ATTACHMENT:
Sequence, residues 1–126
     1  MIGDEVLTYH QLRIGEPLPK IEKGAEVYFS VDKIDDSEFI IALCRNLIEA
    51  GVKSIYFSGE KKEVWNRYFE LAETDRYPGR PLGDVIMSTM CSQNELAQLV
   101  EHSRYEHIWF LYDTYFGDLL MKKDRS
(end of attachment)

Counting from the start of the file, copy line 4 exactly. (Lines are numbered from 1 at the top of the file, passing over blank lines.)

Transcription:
   101  EHSRYEHIWF LYDTYFGDLL MKKDRS